Witnesses from the Federal government, academia, and the private sector zeroed in on cyber threats facing the U.S. electric grid at a House Energy subcommittee hearing Thursday afternoon.
During the hearing–which largely centered around research and innovations in electric grid and energy technology–all of the witnesses stressed the importance of shoring up the U.S. electric grid, and its security.
“Anticipating and responding to the latest cyber threat is a ceaseless endeavor that requires dedicated resources and personnel,” said Bruce J. Walker, assistant secretary, Office of Electricity, and acting assistant secretary, Office of Cybersecurity, Energy Security, and Emergency Response, Department of Energy (DoE). “It is imperative to recognize today’s realities: resources are limited, and cyber threats continue to increase in frequency and sophistication. To gain the upper hand, disruptive changes in cyber risk management practices must be pursued.”
Walker’s private sector counterparts agreed with his assessment.
“This decade seems to have two major defining characteristics: the opportunity to use more low-cost wind, solar, batteries, and natural gas, and the growing threats from severe weather and cyber and physical attack,” said Robert E. Gramlich, president of Grid Strategies, during the hearing.
Joseph A. Heppert, vice president for research at Texas Tech University, testified that the danger of cyber threats targeting power grids is only growing.
“[T]here is a growing consensus that future conflicts among major military and economic adversaries may involve preliminary skirmishes in cyberspace, with grid infrastructure as a prime target,” he said. “Indeed, some recent cases provide indications that both state and non-state actors have already targeted and demonstrated an ability to threaten the grid.”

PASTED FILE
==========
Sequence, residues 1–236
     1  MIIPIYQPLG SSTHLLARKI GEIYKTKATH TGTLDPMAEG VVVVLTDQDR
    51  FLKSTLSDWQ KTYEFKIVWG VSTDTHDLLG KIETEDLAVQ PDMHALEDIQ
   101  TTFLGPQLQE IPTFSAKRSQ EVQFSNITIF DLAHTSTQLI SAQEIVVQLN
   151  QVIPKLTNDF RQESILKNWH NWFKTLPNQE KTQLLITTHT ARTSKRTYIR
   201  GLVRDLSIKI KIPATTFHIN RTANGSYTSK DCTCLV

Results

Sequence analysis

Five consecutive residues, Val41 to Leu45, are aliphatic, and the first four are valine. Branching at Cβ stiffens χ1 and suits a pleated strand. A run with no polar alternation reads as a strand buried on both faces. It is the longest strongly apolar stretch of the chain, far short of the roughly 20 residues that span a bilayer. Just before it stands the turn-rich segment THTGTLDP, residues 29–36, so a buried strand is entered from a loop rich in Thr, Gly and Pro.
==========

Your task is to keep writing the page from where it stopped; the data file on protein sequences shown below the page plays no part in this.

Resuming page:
During his testimony, Walker laid out the DoE’s two-fold cyber strategy: 1) strengthen today’s energy delivery systems by working with agency partners to address growing threats and to promote continuous improvement, and 2) develop game-changing solutions that will create inherently secure, resilient, and self-defending energy systems.
Walker stressed the importance of public-private-academic partnerships for combatting cyber threats. He also highlighted the DoE’s historical role in funding “innovative research, development, and demonstration that cannot be economically justified in private-sector markets.”
One potential game-changing solution was offered up by John Sarrao, principal associate director, Science, Technology & Engineering Directorate, Los Alamos National Laboratory. He said that developing modeling software–to simulate potential cyber attacks–is key.
“Developing a cyber-physical impact and consequences modeling and simulation capability will enable stakeholders to assess the possible consequences of different types of cyberattacks on critical infrastructure and prioritize additional investments in both impact studies and research and development into cyber-physical systems modeling and simulation,” he said.
In addition to Federal research funding, Heppert testified that his university is investing heavily in research and development related to grid security.
“Over the next four years, we intend to invest a minimum of $8 million in research into cybersecurity and energy grid resiliency to enable the creation of a sustainable and diverse energy economy,” Heppert said. “We are confident this investment will help the nation attain its goals in energy security, traditional and alternative energy utilization, and a 21st-century energy grid.”